SILENT NIGHT by Mary Higgins Clark

SILENT NIGHT

KIRKUS REVIEW

 Who better than Clark, the patron saint of damsels and children in distress, to reheat the milk of human kindness in this Christmas fable for the '90s? Waiting on line to look at the Christmas Eve displays in the windows at Saks Fifth Avenue, Brian Dornan sees somebody in the crowd pick up the wallet his distracted mother Catherine has just droppeda wallet containing hundreds of his sick father's dollars and the St. Christopher medal Catherine's own mother insisted would help Tom Dornan battle his leukemia. Since he can't get his mother's attention, Brian takes off after the thiefnot knowing that she's Cally Hunter, the terrified sister of Jimmy Siddons, a cop killer who's just shot his way out of Rikers Island and is planning to stop off at his sister's for whatever fast money he can cadge en route to Canada and freedom. In the twinkling of an eye, Jimmy has made off with Brian and the Christopher medal; Cally, who unwisely helped Jimmy the last time he was on the lam, is sweating bullets about whether to tip off the hard-bitten police detectives and--if she gets sent up the river--risk dooming her own daughter to a foster home; Catherine is broadcasting heartrending radio appeals for her son; and cops from every corner of New York are looking for Jimmy. Catherine, who doesn't share her mother's faith in St. Christopher, is frantic, but you won't be unless you're new to Clark's world of Reader's Digest suspense; after all, with one possible exception, Jimmy Siddons is the only person in the sovereign state of New York who isn't basically a nice guy, and what chance does evil have against a team like that? Clark's huge audience, nostalgic for the days when Christopher was a fully accredited saint, are bound to swallow this winsome fantasy in a single gulp before the Christmas turkey is cold. (First printing of 750,000; Literary Guild main selection; author tour)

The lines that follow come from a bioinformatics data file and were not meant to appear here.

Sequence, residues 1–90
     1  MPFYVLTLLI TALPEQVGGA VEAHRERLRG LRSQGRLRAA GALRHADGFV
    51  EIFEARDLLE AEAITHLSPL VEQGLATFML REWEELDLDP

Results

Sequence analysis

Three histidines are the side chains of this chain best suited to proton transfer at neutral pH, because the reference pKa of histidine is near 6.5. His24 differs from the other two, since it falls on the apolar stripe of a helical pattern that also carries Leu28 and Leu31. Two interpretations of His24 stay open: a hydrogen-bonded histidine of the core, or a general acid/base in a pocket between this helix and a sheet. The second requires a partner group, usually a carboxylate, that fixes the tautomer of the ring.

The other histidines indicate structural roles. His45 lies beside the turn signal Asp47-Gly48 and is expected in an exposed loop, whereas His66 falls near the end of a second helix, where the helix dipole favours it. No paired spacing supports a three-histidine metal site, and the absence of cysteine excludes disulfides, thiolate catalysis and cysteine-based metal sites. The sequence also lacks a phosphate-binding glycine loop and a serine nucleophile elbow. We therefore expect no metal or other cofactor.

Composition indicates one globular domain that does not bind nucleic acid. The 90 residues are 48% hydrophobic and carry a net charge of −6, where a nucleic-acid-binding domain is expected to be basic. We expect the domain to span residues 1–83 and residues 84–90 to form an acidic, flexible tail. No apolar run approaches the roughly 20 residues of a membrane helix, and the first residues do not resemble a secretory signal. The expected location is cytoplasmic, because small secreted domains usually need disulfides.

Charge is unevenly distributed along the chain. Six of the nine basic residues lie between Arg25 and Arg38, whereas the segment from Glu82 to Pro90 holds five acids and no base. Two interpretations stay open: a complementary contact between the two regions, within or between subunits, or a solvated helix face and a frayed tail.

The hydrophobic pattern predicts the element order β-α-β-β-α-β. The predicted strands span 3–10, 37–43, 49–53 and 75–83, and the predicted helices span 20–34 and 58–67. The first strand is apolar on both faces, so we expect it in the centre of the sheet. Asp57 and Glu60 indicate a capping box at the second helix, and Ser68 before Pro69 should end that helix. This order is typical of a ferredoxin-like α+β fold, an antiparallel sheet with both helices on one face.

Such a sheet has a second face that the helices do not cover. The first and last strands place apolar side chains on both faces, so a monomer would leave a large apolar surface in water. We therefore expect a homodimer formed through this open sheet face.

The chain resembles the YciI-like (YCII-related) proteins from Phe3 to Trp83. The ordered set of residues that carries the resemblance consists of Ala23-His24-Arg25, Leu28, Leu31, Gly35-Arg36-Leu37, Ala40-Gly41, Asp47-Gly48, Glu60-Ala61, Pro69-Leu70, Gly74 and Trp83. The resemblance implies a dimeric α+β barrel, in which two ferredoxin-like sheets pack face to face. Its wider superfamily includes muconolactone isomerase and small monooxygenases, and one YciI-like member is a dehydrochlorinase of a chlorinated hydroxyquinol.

Pub Date: Oct. 16th, 1995
ISBN: 0-684-81545-1
Page count: 160pp
Publisher: Simon & Schuster
Review Posted Online:
Kirkus Reviews Issue: Sept. 1st, 1995




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